1963-2013 - 50 years of Research for Social Change

  • 0
  • 0

Back

Social Policy is a Must for Integrated Sustainable Development

20 Sep 2016


Social Policy is a Must for Integrated Sustainable Development
This blog is published as part of The Transformation Conversation: Blogs on the UNRISD Flagship Report 2016 and Agenda 2030. The series explores what it takes to design and implement innovative eco-social policies that will lead to transformative change and fulfil the potential of the 2030 Agenda for Sustainable Development. Together with the evidence, analysis and case studies in the UNRISD 2016 Flagship Report they are part of the global conversation on implementing of the SDGs.

The 2030 Agenda for Sustainable Development is by now well-known as a set of 17 Goals and 169 Targets, but it is noticeably silent on how to achieve them. One thing is for certain: meeting each Goal and Target will involve its own distinctive set of confrontations between diverse ideas, institutions, policies and actors. A strategy which identifies interdependence and linkages between Goals and integrates policies to achieve the social, economic and environmental dimensions of sustainable development needs to be a central part of the development community’s approach for the next 14 years.

Social policy, a collective intervention in the economy that aims to improve access to adequate and secure livelihoods, income and social services, can be a crucial building block to create an integrated strategy for sustainable development because it is fundamentally a cross-cutting exercise. Its multiple functions bring together economic and social concerns: the production of goods and services, protection from fear and want, care for the vulnerable and for dependent people, redistribution of wealth and income, and social cohesion, all of which are critical to achieve the world we want.

Innovation for transformative change?


Historically, social policies have always been the result of competing values, principles and political and economic interests. Whether in developed or developing countries, policies change as these interests compete, confront and compromise with each other over the nature and forms of production, protection, care, redistribution and social cohesion. Innovations, whether in concepts, knowledge, policies, processes or technology, are what it takes to catalyze change and new trends in social policy. Despite their aspirations and claims, however, not all innovations result in transformative changes in the sense of fundamental changes in social relations and institutions to make them more inclusive and equitable, and the redistribution and rebalancing of power and economic resources. And some innovations may be initially transformative, but subsequently generate obstacles to inclusive and sustainable development, or vice versa.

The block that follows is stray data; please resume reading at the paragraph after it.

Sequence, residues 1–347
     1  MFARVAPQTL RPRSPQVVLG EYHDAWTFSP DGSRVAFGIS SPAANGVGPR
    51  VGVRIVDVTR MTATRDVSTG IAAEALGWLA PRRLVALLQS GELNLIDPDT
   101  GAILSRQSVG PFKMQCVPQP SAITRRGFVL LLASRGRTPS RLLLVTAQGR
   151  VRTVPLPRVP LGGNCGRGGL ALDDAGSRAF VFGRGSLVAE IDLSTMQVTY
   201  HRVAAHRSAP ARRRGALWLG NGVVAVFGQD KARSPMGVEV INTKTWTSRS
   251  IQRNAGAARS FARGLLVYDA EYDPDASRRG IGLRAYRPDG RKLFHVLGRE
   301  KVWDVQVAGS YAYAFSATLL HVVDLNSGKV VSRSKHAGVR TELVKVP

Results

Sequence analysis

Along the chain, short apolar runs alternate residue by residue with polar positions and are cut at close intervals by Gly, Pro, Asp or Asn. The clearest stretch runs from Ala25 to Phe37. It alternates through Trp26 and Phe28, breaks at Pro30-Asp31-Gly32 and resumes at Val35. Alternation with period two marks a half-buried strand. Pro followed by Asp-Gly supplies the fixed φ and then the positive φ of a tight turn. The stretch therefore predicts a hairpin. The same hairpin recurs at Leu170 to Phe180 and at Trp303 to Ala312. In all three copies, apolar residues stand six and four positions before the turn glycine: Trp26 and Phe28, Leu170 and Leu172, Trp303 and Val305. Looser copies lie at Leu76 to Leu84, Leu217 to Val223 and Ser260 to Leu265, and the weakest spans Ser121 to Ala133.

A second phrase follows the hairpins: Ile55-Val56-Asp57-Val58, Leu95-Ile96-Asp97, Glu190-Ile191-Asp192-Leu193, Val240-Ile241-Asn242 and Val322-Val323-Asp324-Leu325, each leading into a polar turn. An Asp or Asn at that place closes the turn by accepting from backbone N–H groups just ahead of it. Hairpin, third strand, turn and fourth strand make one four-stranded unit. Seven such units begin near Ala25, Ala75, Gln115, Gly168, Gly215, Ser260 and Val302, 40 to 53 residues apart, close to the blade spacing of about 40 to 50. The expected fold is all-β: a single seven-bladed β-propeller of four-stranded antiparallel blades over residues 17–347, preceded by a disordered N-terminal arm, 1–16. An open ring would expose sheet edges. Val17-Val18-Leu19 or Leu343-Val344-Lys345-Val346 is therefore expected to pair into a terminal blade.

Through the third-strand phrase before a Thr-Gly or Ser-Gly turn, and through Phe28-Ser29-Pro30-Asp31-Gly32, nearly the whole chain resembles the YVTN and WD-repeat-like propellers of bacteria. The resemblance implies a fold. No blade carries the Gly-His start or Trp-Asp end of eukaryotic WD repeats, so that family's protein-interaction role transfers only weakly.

Agenda 2030 talks about the need for transformative change to achieve the SDGs. In order for the development community to make that change happen in an integrated way, these are some of the questions we need to be asking:

What kind of social policies do we currently have? What innovations can be identified? How do they shape the relationships between the multiple functions of social policy? What contribution can they make to an integrated strategy for sustainable development and ultimately achieving the SDGs? Which social policies can transform this world into a more inclusive, democratic and sustainable one?

Asking the right questions—and providing answers grounded in solid research


Some of these questions are answered in the social policy chapter of the latest UNRISD Flagship Report, which is based on a wide range of past and current research. It examines what changes and reforms have taken place in social policy at local, national, regional and international levels since the 1990s, and identifies some innovations and new trends in social policies that bode well for transformative change. They include the increasing trend towards universalization, integration of policy instruments between the social, economic and environmental dimensions of development, inclusive forms of participation in social policy design and implementation, new forms of partnership to deliver social services, and the emergence of inclusive forms of global and regional social policy.

How these trends are conducive to transformative change, how they have evolved in specific settings, and what lessons can be drawn from these cases is the topic of the chapter on social policy in the UNRISD 2016 Flagship Report, now available!

ABOUT THE AUTHOR
Ilcheong Yi is Research Coordinator at UNRISD.

Comment

blog comments powered by Disqus

 

 

This article reflects the views of the author(s) and does not necessarily represent those of the United Nations Research Institute for Social Development.